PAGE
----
Behind the Hardware: Volvo Ocean Race Hong Kong Stopover

One thing is for sure, Hong Kong was like no stopover we have had yet. From Alicante through Lisbon, Cape Town, Melbourne, and now Hong Kong, this was certainly one of the shortest and busiest service stops we’ve seen.

After two very grueling back-to-back legs, the VO65s have taken a serious beating and covered an incredible number of miles. The previous stop in Melbourne did not provide a full service haul-out and so it was inevitable the Boatyard would have a big to-do list in Hong Kong. Unlike previous stopovers, the Boatyard crew would have only four days to get all the service work done before the boats would be ready to race again.

Luckily, there is a great communication system that ensures the Harken Tech Team can receive live information regarding service requests directly from the boats. How is this done? The system uses a dynamic “live” spreadsheet that can be filled in by the racing crews while out on the water, mid-leg. The spreadsheet continually updates, so the team on the ground knows immediately about any special requests, additional spares, or anything else that can be planned for in advance. This helps avoid last- minute or surprise requests.

While in Hong Kong, we joined the Turn the Tide on Plastic shore crew in their container to see how they service other Harken hardware such as blocks and traveler systems. We were impressed with the diligence and swiftness at which they carried out standard maintenance procedures. It’s great to see the teams continue to run like well-oiled machines half-way through such a long race.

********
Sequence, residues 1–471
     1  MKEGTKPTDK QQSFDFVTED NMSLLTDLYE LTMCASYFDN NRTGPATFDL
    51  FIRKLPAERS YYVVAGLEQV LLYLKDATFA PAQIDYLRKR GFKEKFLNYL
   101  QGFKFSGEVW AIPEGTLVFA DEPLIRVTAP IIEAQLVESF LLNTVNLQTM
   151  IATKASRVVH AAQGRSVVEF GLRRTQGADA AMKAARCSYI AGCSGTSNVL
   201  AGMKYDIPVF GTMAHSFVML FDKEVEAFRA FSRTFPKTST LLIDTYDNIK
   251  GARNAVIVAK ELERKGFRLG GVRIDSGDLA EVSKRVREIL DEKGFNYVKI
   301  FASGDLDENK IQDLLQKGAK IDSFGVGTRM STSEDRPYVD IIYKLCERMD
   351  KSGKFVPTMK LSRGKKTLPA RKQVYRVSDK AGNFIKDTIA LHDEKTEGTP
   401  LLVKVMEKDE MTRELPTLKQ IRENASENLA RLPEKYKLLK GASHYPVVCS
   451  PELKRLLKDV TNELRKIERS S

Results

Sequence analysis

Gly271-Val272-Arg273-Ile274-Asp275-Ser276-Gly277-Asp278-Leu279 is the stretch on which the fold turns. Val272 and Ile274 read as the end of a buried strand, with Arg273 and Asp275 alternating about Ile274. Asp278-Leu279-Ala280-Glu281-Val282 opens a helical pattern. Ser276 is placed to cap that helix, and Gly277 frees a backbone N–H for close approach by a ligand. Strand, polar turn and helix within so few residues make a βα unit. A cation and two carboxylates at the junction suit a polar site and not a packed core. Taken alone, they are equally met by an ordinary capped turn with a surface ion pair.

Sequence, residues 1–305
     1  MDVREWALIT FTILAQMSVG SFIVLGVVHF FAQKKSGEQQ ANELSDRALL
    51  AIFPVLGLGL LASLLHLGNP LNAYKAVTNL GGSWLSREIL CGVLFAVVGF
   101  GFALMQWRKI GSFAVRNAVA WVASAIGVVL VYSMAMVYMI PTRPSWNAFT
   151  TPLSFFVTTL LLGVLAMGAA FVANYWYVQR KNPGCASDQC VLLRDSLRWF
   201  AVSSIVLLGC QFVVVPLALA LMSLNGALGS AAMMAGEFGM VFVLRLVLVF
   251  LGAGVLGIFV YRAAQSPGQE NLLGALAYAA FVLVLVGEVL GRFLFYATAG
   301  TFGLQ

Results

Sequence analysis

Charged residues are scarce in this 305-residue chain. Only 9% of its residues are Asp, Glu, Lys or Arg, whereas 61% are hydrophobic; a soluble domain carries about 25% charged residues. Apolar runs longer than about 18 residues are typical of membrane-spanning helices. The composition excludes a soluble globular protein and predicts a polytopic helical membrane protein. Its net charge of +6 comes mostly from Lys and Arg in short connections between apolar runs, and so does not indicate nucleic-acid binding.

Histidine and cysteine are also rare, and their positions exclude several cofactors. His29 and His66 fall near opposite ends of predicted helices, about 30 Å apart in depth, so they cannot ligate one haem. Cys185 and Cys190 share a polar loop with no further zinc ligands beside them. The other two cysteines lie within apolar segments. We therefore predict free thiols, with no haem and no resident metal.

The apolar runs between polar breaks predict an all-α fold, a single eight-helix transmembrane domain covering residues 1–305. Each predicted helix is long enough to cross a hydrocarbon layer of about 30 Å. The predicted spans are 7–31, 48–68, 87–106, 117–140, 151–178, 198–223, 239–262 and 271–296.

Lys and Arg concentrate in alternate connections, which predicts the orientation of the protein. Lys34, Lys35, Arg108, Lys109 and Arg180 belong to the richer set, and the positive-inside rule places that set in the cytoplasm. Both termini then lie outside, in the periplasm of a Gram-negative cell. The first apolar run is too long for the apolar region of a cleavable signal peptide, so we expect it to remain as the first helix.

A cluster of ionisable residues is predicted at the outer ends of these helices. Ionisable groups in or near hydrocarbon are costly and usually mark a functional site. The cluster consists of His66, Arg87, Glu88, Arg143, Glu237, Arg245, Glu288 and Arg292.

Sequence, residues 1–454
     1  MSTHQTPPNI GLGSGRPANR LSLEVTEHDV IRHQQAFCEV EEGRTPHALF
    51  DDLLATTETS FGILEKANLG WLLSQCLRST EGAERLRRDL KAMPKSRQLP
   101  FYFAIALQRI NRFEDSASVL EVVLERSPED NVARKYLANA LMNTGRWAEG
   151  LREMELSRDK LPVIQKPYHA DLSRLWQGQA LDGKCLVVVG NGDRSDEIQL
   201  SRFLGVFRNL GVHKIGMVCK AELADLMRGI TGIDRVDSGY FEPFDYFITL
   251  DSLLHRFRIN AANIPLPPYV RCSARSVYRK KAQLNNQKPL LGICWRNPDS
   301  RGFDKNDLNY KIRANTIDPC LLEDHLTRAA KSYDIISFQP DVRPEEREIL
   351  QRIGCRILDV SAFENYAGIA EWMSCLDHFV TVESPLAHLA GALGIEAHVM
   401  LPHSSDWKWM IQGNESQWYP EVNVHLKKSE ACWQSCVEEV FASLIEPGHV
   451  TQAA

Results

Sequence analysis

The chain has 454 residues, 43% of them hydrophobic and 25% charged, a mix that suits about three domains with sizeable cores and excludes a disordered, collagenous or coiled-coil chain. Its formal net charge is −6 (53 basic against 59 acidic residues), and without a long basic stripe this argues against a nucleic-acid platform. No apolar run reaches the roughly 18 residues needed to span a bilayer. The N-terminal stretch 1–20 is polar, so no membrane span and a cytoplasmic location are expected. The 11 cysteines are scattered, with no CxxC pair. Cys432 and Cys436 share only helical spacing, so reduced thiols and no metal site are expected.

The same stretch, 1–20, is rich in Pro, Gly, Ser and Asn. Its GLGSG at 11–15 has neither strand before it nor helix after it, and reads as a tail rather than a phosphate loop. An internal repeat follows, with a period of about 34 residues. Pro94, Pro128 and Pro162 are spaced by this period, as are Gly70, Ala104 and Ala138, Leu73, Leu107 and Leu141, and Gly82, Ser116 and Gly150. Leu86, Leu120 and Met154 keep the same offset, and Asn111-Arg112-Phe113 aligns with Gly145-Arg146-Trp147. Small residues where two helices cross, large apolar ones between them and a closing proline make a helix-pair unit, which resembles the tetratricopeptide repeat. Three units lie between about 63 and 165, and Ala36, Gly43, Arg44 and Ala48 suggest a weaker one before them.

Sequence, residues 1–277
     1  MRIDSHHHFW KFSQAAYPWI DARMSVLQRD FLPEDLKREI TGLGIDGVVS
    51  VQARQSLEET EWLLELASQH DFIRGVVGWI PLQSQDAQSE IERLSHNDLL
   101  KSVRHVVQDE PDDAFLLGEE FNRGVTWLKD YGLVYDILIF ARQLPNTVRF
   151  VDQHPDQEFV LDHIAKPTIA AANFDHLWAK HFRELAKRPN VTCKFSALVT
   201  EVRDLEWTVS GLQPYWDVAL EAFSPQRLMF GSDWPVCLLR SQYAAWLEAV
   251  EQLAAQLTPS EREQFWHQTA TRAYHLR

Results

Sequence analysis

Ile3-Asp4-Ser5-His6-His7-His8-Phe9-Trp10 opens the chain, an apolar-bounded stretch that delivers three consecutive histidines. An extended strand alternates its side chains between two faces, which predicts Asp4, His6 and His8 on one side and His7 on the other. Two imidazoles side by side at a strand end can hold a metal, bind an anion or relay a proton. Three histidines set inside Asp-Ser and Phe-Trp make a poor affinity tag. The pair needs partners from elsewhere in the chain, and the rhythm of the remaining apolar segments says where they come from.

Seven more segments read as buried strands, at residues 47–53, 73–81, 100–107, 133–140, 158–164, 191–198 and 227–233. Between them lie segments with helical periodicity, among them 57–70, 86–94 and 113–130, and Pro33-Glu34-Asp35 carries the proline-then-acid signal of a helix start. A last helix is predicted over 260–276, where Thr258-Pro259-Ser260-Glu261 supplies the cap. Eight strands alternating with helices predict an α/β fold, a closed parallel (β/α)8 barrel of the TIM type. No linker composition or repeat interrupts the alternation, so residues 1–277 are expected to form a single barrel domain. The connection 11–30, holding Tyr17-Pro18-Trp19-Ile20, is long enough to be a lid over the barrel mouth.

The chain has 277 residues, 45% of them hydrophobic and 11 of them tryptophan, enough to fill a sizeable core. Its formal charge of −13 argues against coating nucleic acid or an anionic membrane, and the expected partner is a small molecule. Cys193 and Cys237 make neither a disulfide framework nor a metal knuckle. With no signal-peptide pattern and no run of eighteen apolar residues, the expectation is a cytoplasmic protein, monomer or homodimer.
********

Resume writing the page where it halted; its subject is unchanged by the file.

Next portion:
The overall layout of the Hong Kong stopover was unique in that the Boatyard was about a 10-minute walk from where the boats actually docked. As a result, the Tech Team put their fitness to the test wheeling all 56 winches between both locations, summiting a few rather large ramps on the way! The pressure was further increased by the fact that the boats had to be taken twenty minutes up the river for haul-out. This required the team to carefully plan for each boat’s availability for removing and reinstalling winches and their components. The result, a few late nights with head lamps!

So what comes next? After a quick jaunt up to Guangzhou, it’s back to Hong Kong for the start of Leg 6 to Auckland, New Zealand. That means just over 6,000 nm of intense sailing before the Boatyard is back up and running again. Until then, enjoy the race and look for our next round of updates from Auckland!

- The Harken Tech Team

Mark Gardner